I went to see a dentist yesterday to start the process of getting fitted for a night time bite orthotic. My neck, jaw, teeth, tongue and ear hurt, in varying intensities, every day. For a while, I thought this meant I had some kind of terrible disease. I suppose it still could but for now I’m going with the opinion of the second ENT I saw who attributed all of my head and neck symptoms to TMJ.
As I sat in the waiting room, I struck up a conversation with a woman close to my own mother’s age. We were only there together for fifteen minutes at the most but in that span of time, we covered a lot of subjects and my eyes flooded with tears at least twice. This was no average small talk session, people. It was intense. Because I was simultaneously trying to fill out my intake paperwork, I wasn’t focused enough in the beginning to remember how we got from niceties to real talk but she told me a story I can’t forget.
Her son fell in with a troubled crowd in high school after being bullied for years for being a Jewish kid in a very southern, very protestant town. He was eventually busted for underage drinking and possession of a small amount of drugs. His family sent him to a rehab program, and engaged in other tough love measures, and he’s been clean for two years, so far passing every random drug test and attending AA regularly.
He started going to a local technical college and then transferred to a local university. He was doing awesome and she was so proud of how he’d turned his life around. Then, last weekend, he was being the sober driver for a group of friends when he was pulled over. The officer was the same one who had busted him years prior. He sneered, “Remember me?” He then pulled everybody out of the car and searched it. Some marijuana seeds were found in a bag in the back of the car. None of his friends would claim the bag so her son was arrested for possession and violation of probation even though the bag wasn’t his.
He’s a wreck. She described him several times as a “bowl of jello.” She’s not faring much better. She teared up when she talked about how this new arrest could destroy everything he’s worked so hard for. His court date is in January and she is scrambling to prepare a defense. Meanwhile, she was also let go from her job this year because she has lupus and receives chemo five times a month and her employer couldn’t “accommodate her chemo schedule.” A free legal advice service said she could sue but she can’t afford a legal battle against her very well-endowed former employer. Her heartache made my heart ache.
She went on to talk about how our elected officials’ posh lifetime healthcare plans keep them from ever being able to sympathize with folks who can’t get insurance or who need assistance in other ways. “All they care about are things like gay marriage and . . .” Uh oh, I thought. Here it comes–that which shall divide us. I had empathized with this woman, and felt some kind of kindred connection as mothers of kids easily marginalized but I winced at what might come next.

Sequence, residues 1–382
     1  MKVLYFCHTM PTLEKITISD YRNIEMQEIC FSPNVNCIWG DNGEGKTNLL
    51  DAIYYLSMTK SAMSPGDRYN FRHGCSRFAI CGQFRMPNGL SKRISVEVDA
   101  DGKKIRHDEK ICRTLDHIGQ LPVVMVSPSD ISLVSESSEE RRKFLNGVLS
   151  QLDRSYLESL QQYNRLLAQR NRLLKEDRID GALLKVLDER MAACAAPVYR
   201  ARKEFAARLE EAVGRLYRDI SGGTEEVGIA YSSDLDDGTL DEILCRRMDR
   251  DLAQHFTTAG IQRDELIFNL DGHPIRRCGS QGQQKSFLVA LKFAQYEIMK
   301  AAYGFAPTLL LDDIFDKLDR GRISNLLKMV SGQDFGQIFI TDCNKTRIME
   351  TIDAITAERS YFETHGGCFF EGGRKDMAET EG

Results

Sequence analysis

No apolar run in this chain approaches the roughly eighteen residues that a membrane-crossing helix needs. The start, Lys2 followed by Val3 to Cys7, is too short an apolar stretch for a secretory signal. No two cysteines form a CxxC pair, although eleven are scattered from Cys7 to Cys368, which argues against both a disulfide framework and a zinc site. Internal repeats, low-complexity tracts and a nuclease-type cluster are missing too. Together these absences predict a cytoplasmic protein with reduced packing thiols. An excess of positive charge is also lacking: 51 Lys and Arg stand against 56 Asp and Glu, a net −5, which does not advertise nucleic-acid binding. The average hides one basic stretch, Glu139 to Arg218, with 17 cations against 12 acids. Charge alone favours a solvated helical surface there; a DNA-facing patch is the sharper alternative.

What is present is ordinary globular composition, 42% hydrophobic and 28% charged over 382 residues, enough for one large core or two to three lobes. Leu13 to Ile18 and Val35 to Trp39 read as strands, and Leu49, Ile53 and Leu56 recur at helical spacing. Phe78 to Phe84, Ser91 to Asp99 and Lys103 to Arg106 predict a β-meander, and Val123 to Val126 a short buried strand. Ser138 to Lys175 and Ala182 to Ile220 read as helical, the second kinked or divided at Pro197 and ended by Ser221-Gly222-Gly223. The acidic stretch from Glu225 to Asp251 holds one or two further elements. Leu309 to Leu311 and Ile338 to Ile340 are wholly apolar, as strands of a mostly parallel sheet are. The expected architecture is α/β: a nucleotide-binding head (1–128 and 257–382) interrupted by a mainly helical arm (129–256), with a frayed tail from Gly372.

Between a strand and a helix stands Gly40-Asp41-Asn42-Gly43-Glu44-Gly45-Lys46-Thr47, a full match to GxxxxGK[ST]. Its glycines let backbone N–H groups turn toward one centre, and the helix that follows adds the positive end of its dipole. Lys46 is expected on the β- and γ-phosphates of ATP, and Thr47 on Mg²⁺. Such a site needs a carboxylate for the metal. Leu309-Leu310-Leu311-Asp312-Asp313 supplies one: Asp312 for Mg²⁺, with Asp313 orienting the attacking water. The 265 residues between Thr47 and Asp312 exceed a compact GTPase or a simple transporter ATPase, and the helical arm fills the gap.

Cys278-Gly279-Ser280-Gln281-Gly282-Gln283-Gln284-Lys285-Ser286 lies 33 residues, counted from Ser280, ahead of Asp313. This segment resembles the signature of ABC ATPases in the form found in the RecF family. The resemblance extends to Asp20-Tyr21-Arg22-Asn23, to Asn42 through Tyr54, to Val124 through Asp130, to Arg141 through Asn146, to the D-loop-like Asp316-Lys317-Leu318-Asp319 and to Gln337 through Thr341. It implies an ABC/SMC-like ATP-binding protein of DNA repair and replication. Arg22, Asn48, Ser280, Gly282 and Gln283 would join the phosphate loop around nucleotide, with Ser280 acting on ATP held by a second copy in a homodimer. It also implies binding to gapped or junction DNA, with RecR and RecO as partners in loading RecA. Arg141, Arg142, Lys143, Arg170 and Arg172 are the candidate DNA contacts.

But what came was this: “You know, when I was a nurse, I worked in California during the start of the AIDS crisis, and that more than anything taught me that all that matters is that people love each other. That’s why I was out campaigning against that stupid amendment any chance I got!” I teared up. I tried to get a word in to thank her but she kept talking, and I kept feeling more and more kindred. I did eventually tell her that it meant a lot to me, as someone who has a female partner, to hear her say those things. She seemed totally unfazed by my revelation. It was the first time in my life that I came out to a stranger who didn’t then respond with at least some kind of surprise or disbelief.
It felt amazing. Who knew normalization could be such a rush!
I was called back before I imagined any way that I could help her besides just listening to her tell her story. But afterwards I realized that I could offer my writing services to either start an online legal fund campaign or at least attract local media attention to her son’s plight. I know the dentist staff can’t give me her contact info but I’m going to ask them to give her mine. Does anyone know if this will work? Can they do that with my permission and still satisfy HIPAA?
When I set out for the dentist’s office yesterday, I did not expect an older straight woman to preach to me in favor of marriage equality in the waiting room. I’m so thankful for her and the thousands of others like her who are doing the hard work of advocating for others in waiting rooms, around dinner tables, in their churches, on Facebook and in other public spaces.
Thanksgiving is many things—a painful reminder of genocide for some, an ugly consumerism-fest to others, and a difficult family ritual for many. It’s true that we should all be thankful every day for all that we have but it’s easy to forget about that when times are hard and problems only seem to be mounting.
This year, I’m just grateful to be alive, aches and all, to love and be loved by my family, and to be making unexpected, life-enriching connections in the real world and on the Interwebs. (That includes you, dear reader.)
I wish you all as lovely a day as possible tomorrow, full of real stories, meaningful connections, and good listening by all.